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Personality of the leaders



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Personality of the leaders

The amount of power

the leaders had




The commitment The success of

to Statehood of the leaders Industrialisation
Standards of Living

The personalities of Stalin and the tsars…

There are clear similarities…



  • Both the tsars and Stalin encouraged personality cults.

  • Until the GPW Stalin, like the N2, sought to wear a low-ranking military uniform to identify himself with the ordinary soldier.

  • Neither the tsars nor Stalin regularly spoke in public. For example, Stalin only addressed the SU nine times in the GPW. This was a long way from FDR’s fire-side chats, or Churchill’s weekly addresses to the House of Commons.

Yet, Stalin was clearly a more successful leader. He was…




  • More intelligent

  • More politic

  • And much crueller !



The amount of power wealded by Stalin and the tsars…
Stalin deliberately identified himself with the successful tsars of the past (such as Peter the Great). The pre-1905 tsars did not have any controls on their power. Their oral command was law, and like Stalin, their leadership was above and beyond the institutions of the state.
Service however suggests that the 1906 Fundamental Law placed “restrictions in both theory and reality” on the powers of N2. By contrast he refers to the “monarchical power of Stalin”and continues that he ”had even more personal control than Ivan the Terrible”.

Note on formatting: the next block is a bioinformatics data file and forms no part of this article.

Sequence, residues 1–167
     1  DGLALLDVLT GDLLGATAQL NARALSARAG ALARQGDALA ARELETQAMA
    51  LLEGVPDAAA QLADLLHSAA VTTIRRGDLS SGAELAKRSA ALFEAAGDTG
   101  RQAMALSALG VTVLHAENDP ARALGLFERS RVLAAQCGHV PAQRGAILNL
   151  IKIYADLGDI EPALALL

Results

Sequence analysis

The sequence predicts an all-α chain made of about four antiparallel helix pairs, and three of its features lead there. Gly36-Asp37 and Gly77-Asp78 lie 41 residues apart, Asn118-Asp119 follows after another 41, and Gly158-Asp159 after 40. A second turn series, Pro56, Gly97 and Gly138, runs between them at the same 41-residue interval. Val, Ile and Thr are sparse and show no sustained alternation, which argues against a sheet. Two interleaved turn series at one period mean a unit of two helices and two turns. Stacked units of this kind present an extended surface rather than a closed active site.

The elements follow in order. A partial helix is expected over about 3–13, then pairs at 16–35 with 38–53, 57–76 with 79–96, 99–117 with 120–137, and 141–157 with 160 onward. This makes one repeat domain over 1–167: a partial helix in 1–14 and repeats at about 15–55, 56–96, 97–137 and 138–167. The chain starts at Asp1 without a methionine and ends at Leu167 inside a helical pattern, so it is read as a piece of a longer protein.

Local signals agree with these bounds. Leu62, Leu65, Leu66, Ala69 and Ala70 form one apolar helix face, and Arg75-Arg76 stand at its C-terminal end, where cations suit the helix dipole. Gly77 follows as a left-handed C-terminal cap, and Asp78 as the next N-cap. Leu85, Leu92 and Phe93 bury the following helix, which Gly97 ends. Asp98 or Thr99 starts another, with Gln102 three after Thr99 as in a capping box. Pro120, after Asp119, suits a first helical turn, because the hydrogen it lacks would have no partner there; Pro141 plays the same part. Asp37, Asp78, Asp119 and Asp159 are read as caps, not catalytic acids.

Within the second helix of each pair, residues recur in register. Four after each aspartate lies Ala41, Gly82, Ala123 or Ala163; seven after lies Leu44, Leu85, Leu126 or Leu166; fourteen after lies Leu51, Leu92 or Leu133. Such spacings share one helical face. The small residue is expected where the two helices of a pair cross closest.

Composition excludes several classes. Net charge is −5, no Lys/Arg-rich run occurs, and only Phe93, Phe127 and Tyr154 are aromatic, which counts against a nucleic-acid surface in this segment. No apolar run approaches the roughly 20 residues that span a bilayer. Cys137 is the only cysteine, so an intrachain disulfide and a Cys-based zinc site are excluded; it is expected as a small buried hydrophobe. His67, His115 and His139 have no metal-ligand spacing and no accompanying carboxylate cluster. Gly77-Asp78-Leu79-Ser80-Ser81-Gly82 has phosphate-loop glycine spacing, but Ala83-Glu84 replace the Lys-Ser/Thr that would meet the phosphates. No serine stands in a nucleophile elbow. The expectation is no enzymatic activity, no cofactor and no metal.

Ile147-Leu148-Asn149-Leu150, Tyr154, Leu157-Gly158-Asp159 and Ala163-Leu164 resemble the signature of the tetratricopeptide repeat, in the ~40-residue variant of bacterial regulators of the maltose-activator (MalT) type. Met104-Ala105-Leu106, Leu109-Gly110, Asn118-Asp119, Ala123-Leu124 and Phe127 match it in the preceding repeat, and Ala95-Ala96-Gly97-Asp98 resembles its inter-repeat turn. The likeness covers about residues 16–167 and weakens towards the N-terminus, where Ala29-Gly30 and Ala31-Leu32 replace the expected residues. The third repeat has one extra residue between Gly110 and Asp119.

The commitment to statehood…
Both the tsars and Stalin placed the glory and security of the state above the needs and rights of the individual. They both saw Russia’s image abroad as a manifestation of their personal reputation.
However, whilst the tsars involved themselves in the diplomacy of the Concert of Europe, Stalin was more xenophobic than any of the three tsars in our period.

Industrialisation…
Both Stalin and the tsars understood that industrialisation meant increased security, and held the key to Great Power status. Both regimes could also be said to have exploited the peasantry to speed the modernisation process, and both favoured great projects (eg, the Trans-Siberian Railway and the White Sea Canal).
However, whilst all three of the given tsars wanted rapid industrial growth, there are important differences between Stalin’s industrial development, and that pre-1917…


  • Above all Stalin achieved much more. The scale and scope of industrialisation of the 5Yplans meant that the SU could fight off the German invasion of 1940, whilst the tsars were not able to defend their regime.

  • The tsars (through the Witte system) wanted, on the whole, to join the international capitalist system (eg, joining the Gold Standard). Stalin however wanted a Communist command economy.

  • There was a clear ideological element to Stalin’s industrialisation. Cities such as Magnitogorsk were a reflection of what Stalin called the “reconstruction of the human soul”.



Attitude to Russians…